"Therefore let us keep the feast."—1 Cor. 5:8

These words (which are selected more as a motto than a text), I desire, with the utmost simplicity of thought and language, to take as the theme of appropriate meditation on this Sacramental Sunday morning. Our subject is—the solemn and imperative obligation resting on Christians to keep the sacred Feast of Communion.

There are not a few, regularly and devoutly worshiping God in His Sanctuary—"not forsaking the assembling of themselves together, as the manner of some is," who yet leave their places vacant on the recurrence of the Holy Ordinance of the Supper. As the professing servants and followers of a great and good Master, I would desire to bring home to all here present who have arrived at a mature age, the privilege and duty of making this avowal of their faith in Christ and of consecration to His service. Let me proceed to state one or two reasons, why the Communion Service ought to be devoutly observed, by every one who bears the Savior's name.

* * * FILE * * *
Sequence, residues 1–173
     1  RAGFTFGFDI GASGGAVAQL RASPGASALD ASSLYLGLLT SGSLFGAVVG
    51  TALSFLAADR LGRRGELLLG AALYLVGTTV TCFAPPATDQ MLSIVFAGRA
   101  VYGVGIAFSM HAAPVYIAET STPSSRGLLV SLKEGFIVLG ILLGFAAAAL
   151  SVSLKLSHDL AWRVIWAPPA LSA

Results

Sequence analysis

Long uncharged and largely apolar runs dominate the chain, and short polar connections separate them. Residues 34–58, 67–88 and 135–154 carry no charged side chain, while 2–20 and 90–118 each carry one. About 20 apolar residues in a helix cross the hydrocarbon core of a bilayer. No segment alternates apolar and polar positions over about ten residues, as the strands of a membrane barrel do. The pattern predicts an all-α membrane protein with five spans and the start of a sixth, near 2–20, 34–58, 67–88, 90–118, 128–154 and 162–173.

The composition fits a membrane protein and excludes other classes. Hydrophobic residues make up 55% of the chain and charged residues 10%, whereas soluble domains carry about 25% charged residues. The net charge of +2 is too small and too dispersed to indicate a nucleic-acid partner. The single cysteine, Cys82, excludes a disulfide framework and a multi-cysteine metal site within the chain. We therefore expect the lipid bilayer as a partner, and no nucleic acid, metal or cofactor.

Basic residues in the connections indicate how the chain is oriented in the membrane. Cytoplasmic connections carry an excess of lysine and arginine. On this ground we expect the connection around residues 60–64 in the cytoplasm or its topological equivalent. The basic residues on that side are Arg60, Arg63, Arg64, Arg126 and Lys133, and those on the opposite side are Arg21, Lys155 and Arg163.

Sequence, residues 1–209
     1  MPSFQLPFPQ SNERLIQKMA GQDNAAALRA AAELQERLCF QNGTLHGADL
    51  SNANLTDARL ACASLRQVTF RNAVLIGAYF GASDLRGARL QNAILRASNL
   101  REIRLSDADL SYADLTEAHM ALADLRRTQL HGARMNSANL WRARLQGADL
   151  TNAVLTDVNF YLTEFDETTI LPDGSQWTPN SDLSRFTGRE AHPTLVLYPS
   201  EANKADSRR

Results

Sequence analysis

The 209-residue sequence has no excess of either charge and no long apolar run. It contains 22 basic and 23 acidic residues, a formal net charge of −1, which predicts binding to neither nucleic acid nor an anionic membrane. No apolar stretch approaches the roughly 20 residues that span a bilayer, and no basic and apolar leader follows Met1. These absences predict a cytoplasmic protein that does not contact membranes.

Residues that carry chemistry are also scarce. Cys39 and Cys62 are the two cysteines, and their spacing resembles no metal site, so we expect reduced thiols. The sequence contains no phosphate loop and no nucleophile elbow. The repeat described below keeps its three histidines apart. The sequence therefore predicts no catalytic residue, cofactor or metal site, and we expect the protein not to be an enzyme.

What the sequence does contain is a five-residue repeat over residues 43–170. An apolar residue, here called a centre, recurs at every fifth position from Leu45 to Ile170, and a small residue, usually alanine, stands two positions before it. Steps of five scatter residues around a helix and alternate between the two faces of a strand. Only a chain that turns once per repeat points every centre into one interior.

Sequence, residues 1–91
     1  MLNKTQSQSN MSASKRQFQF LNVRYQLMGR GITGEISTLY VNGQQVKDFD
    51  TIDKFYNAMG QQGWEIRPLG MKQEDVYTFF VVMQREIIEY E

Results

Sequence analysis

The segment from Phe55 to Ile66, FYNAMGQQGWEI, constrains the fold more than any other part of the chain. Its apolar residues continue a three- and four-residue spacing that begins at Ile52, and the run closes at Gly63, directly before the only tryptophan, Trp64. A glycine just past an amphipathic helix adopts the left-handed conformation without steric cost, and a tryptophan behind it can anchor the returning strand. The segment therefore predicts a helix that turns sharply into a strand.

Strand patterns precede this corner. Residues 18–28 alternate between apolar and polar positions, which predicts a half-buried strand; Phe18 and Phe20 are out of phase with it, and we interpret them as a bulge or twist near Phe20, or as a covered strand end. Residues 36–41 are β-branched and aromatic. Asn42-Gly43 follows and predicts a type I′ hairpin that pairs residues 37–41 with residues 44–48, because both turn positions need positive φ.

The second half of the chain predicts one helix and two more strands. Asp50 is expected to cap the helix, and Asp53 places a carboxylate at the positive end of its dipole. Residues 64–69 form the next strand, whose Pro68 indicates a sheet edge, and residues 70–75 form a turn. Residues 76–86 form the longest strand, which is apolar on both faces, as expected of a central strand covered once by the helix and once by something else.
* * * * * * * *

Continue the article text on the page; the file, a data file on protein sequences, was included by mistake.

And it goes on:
I. The Lord's Supper is to be observed, because its obligation rests on the Redeemer's dying command. An injunction is always rendered more binding and imperative if it has these two, among other considerations, to enforce it—

(1.) When it comes from the lips of One we love, and who has shown a deep interest in our welfare. We naturally pay a respectful deference to the request of a neighbor or acquaintance; but what is this, in comparison with the command of a parent? How supremely obligatory to every right-thinking child is the wish emanating from a father or mother, and with what joyful alacrity is it obeyed! The son going to a distant land has a Bible put into his hands, as the last gift of doating love, with the sacred promise exacted and given, that night by night in the adopted home he will never fail to use it. The request might be sacred for other reasons; but doubly so would it be, when he regards it as that of his dearest earthly friend.

When, in the desert wasteland, or in solitude, memory travels back to the parental hearth, and remembers the devotion which so often and so willingly submitted to self-sacrifice—the hands which smoothed the pillow of sickness, and the voice which solaced in the hour of sorrow—if he ever proved traitor to his trust—if that hallowed souvenir should be ever left to gather dust on the neglected leaves, we know whose image would be the first to give the upbraiding look of injured love, and lead him with remorseful tears to unclasp it once more.